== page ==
The 3.5 km track from Bondi Beach to Bronte Beach is paved, fairly flat and replete with benches and scenic viewpoints. Well, the whole thing is a scenic viewpoint, really.

That sign says it takes an hour to walk it one-way, but I think that’s just if you stop to take pictures every five seconds (like I did on the way out) or if you meander quite leisurely.

It's absolutely worth taking the time to absorb the incredible scenery.

Many runners cruised along the track, and I would have loved to run it, too, had I been without my daypack and my falafel-belly. I'm so jealous of those who call this their regular running route!

Solo traveler = self-portrait expert.

Once I made it to Bronte — which is a much smaller beach and has far fewer stores and restaurants surrounding it — I hustled back to Bondi in well under an hour.

It’s so weird — this strawberry-blueberry smoothie was just waiting for me at Bondi!

OK, not really, but it did cool me down and revitalize me after the walk. After all, I still had quite a trek back to Double Bay ahead of me.

The overall trip clocked in at 8.5 miles and more than three hours of actual walking. (Yes, I'm a nerd and wore my Garmin.) Very satisfying indeed!

Also satisfying was the much-needed shower I took upon returning to my friend’s flat. I didn’t even go swimming, but I was still covered in that delightfully beachy combination of sand, sunscreen and sweat.

As I scrubbed the layers of grime from my legs, I heard what sounded like an enormous crash of metal pellets striking a tin roof. I glanced out the window and saw that the Sydney sky had opened up in an instant, releasing incredible torrents of rain.

I just smiled and continued scrubbing, thankful to be enjoying a warm shower inside when I could have been easily caught in that shower outside.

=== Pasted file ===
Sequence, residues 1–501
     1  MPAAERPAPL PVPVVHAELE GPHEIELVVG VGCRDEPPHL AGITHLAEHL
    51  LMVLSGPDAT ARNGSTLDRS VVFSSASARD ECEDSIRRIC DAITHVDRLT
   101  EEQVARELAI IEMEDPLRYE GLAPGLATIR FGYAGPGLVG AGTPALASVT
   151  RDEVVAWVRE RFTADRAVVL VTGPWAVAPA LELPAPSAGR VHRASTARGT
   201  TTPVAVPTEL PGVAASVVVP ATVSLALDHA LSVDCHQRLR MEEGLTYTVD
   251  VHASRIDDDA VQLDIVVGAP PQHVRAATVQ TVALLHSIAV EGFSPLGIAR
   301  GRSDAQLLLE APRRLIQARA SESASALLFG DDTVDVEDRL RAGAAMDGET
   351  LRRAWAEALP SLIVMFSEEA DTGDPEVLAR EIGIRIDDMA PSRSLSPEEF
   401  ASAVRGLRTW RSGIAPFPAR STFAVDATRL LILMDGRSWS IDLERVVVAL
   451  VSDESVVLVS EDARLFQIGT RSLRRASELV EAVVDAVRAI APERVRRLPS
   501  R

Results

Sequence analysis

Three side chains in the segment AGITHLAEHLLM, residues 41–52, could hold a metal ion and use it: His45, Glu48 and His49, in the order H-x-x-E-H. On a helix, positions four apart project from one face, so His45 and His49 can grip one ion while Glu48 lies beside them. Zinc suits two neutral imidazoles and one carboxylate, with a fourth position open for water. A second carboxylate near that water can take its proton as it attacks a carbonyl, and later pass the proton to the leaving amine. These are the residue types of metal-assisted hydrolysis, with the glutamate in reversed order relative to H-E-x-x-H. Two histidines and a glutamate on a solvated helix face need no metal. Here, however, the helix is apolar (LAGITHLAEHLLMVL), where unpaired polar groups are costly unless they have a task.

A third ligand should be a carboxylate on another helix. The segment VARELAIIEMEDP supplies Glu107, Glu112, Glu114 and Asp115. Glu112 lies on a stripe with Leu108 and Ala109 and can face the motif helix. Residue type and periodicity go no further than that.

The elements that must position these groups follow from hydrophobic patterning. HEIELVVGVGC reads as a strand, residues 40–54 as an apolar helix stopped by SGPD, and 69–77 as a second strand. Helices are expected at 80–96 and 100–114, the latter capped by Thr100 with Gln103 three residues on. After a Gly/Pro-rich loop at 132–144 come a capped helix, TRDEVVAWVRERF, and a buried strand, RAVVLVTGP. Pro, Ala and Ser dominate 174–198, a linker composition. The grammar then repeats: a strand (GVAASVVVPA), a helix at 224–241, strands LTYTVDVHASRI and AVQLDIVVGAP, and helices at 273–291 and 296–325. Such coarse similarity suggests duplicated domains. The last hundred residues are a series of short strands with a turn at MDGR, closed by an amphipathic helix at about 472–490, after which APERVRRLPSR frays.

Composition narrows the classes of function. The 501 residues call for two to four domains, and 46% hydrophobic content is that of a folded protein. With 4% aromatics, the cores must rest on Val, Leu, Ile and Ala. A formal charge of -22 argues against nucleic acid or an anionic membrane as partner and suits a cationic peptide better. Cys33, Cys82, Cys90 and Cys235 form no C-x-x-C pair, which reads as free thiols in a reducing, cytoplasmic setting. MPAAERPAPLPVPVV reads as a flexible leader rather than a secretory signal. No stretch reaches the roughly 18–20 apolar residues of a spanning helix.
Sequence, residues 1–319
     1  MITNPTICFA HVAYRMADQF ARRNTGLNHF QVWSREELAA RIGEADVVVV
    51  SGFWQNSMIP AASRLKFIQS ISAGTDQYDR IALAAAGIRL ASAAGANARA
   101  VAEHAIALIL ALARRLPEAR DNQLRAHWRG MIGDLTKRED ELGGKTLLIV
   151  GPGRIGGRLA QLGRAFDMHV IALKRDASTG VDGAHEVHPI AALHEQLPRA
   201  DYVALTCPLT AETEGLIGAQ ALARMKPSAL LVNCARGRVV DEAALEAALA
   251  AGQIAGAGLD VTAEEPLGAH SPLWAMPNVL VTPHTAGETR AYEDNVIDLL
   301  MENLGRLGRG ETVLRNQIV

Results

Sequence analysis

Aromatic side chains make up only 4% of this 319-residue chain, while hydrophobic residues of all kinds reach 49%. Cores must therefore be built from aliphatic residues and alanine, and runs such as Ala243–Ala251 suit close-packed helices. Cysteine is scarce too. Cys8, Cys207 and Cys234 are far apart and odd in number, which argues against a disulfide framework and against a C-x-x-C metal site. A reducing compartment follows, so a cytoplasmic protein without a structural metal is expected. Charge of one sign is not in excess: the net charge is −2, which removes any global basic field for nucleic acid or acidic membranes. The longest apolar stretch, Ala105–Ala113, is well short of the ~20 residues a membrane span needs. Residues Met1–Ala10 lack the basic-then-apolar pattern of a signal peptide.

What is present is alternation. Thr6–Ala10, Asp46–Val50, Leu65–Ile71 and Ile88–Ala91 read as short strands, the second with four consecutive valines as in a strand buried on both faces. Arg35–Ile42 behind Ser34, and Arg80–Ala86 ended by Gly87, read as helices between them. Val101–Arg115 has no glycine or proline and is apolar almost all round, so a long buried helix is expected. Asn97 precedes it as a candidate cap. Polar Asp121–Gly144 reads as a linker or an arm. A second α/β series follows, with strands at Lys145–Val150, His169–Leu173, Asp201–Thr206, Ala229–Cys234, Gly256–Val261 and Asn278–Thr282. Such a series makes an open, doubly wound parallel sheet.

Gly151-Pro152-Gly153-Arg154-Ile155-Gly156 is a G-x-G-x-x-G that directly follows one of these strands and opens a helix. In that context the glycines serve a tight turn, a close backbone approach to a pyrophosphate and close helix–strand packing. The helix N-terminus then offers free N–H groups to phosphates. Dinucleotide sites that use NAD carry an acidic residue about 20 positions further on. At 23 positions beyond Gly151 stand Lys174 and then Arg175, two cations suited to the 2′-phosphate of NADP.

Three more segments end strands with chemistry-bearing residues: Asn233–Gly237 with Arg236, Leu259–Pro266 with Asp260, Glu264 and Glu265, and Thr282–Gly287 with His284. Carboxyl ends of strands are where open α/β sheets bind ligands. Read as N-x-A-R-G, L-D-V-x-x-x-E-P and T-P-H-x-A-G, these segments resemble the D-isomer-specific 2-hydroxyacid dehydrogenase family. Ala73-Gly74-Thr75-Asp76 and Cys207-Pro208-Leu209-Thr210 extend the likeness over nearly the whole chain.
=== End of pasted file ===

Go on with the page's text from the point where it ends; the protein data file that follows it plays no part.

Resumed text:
It seemed as though the travel gods had held off on the rain especially for me.


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  1. What a great day...Glad you were able to reconnect with home while still enjoying the day in Bondi...

    1. I've had a great mix of downtime and adventures in Sydney so far. I'm finding that it's crucial!

  2. I recently found your blog and i love it. so happy you're updating from the road!

  3. Such a beautiful walk... that water is amazing. I'm so enjoying following along from my cubicle :)

    1. The water blew my mind. Thanks for your comment! : )

  4. Gorgeous takes Devon! Beautiful scenery, filling our caffeinated and air-conditioned bored eyes at the offices around the world ;)

    I've never actually thought about that phenomenon, hosting somebody you barely knew once... Very interesting social phenomenon :)

    I know I speak for many readers: We always await impatiently for your articles, which are better each time. And now with plenty of landscape!

    Keep enjoying! We'll keep on reading ;)

    1. I actually have a few friends like that who've made hospitable offers around the world! I'm very glad for them.

      I will keep posting as often as I have Internet and the will to cobble together some words and photos. Thanks for reading. : )

  5. I think it's amazing, what you're doing. I love seeing new posts from you. Have a safe, healthy and adventurous trip!

  6. I hate to say that I am incredibly envious. I applaud you for all the hard work that went into the financial, logistical, and courageous aspects of this adventure you've thrown yourself into.

    1. I REALLY appreciate this comment — thank you. All the lead-up stuff was really the hardest. Now I just get to have fun. : )

  7. I never got to do the Coastal Walk and your photos make me so jealous! Enjoy Australia, Devon!

    1. Then you must simply come back and do it! Thanks, Jeremy. : )